George Roehling retired in 1991, after a career spanning nearly thirty years, with Heat and Frost Insulators and Asbestos Workers Local Union No. 4 in Buffalo, NY. A couple of months ago, George graciously agreed to be interviewed by Lipsitz, Ponterio & Comerford concerning his work as an asbestos pipe coverer for Local No. 4, his memories of working at Donner Hanna Coke and of the usual horse play with other Local No. 4 members. Here are some of the highlights of our conversation:
When did you leave South Buffalo? Where did you go to high school? I went to Bishop Timon and left South Buffalo right after high school; it must have been 1960.
What part of South Buffalo did you live in? I lived near Seneca and Stevenson Streets, about one mile toward the city from Cazenovia Park. A lot of Local 4 members came from South Buffalo.
How did you get into the Local No. 4 Union? Local 4 did not recruit. Bob Gittere was my wife’s uncle and an old-timer from the union. I was taken in as an apprentice in 1961, right after high school, and did my apprenticeship for four years with Niagara Asbestos Insulation.
Tell us about the apprentice program. Yes, my apprenticeship lasted four years and then I took the test to become a journeyman. The test was farmed out to three different employers and I went to Niagara Asbestos Insulation, Insulation Distributors, Inc. (IDI) and Claxton under Red Alderdice.
What were your general duties as an apprentice? We had to carry boxes, mix cement, sweep, clean and do whatever the journeyman wanted us to do.
When you took the test to become a journeyman, whom did you work for? You worked with a journeyman, and the employer had to attest that you could do journeyman work. The test took three weeks, and at the time I was living on the East Side of Buffalo (Genesee and Bailey).
Who supervised your test? Jimmy Gram at Insulation Distributors, Inc. (IDI), Bob Hadley at Claxton and no one at Niagara because I was already working there.
Over the years you were in the Union working for Niagara as a journeyman, who were the “old timers” among journeymen? Larry and Freddie Pask, Larry Koenig, Mel Solly, Vern Solly, Tim Cummings, Sr., Ollie Gram, Witold (Vito) Sosnowski, Charlie and Dan Borucki, Bob Kilburn, Harry Kelly, Joe Walters, and Fay Skadan.
As a journeyman working for Niagara, did you work at Bethlehem Steel? Yes, but I also worked at Donner Hanna coke ovens. I wore the clogs there.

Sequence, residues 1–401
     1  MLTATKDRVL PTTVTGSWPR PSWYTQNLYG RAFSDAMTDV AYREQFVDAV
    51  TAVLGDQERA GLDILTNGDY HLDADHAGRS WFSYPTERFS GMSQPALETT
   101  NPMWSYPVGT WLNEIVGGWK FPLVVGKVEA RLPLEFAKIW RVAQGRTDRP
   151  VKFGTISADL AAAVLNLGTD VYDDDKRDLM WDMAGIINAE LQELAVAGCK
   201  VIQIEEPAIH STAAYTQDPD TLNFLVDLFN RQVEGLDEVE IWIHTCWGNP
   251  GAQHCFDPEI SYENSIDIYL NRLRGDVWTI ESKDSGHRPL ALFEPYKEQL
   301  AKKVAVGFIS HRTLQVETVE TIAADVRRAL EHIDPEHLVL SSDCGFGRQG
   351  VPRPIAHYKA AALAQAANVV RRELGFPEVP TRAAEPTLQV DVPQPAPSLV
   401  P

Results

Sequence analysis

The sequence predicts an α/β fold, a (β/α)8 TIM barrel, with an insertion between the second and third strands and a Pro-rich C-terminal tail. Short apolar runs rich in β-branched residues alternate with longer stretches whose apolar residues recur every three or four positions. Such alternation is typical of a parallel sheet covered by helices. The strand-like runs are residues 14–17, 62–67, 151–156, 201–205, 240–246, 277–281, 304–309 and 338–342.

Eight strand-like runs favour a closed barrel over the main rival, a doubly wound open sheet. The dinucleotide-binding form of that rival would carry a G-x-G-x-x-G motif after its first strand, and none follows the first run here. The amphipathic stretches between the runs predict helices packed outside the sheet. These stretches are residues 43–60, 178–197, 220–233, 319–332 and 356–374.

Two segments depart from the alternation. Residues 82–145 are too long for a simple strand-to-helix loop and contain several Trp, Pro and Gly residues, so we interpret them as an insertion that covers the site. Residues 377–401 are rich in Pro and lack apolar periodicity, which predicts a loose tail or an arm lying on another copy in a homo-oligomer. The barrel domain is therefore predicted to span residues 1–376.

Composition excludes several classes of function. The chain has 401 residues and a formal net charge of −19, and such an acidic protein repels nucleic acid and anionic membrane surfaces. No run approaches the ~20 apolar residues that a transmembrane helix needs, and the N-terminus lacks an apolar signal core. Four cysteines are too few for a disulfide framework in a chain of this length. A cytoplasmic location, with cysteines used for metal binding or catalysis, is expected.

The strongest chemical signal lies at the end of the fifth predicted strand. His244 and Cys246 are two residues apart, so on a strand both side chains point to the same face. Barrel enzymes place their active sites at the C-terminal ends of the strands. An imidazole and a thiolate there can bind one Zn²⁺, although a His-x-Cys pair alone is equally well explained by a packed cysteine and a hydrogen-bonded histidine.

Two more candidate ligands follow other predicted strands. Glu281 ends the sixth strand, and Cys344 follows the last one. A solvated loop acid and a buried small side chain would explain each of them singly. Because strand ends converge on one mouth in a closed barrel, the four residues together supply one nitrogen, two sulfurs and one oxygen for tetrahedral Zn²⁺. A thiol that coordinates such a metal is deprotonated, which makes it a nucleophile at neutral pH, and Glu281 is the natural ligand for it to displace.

When you worked at Donner Hanna, were you a journeyman? I worked for Niagara as an apprentice and as a journeyman. I worked at Donner Hanna as an apprentice and later, as a journeyman. I worked for Niagara 99% of the time, until I retired.
Tell us about your work at Donner Hanna. I was at Donner Hanna starting in 1961. The first battery when you went into the gate started to be built in the late 1950’s. Construction on that came to a halt for a period of time, and then construction resumed and I worked on that battery as a helper.
What did you do on top of the coke ovens at Donner Hanna? There were steam lines that ran the length of the battery. These steam lines went into stacks, and flames would periodically shoot out of these stacks that were eventually put out with steam. You had to wear clogs because it was so hot up there. That is all they provided you with. If you stood on them with just your shoes, your feet would start to burn and you would have to run to the end. I wore the clogs up there. I am amazed anyone could work on top of the ovens for more than a few years and still be alive with that soot and smoke.
Let’s discuss local Union activities. When did the Local No. 4 Union meet? The local Union met every month and those meetings were open to everyone in the Union. Sometimes there were disciplinary hearings held behind closed doors.
Was there an annual picnic? Oh yeah, local Union picnics were held all over Western New York. The Union also held a national annual convention in different places all over the U.S. I was not that active in the Union, so I didn’t go to the convention.
Did you socialize in the Union with other members? Oh yeah. There was no softball league or anything like that, but we would go out. I traveled most of the time, and there were usually four to five guys on a job if it was a good-size job. We would go out, drink and poke fun.
Do you have any funny stories? Well, there are a lot that I cannot mention here. I can tell you about how some of the men were excellent seamsters. Some of these guys would come in and sew the canvas covers right over the steam pipes on some jobs. You would have a good job when some of these guys would go home and use their wives’ sewing machines to sew canvas together and come back and put them on the pipe covering.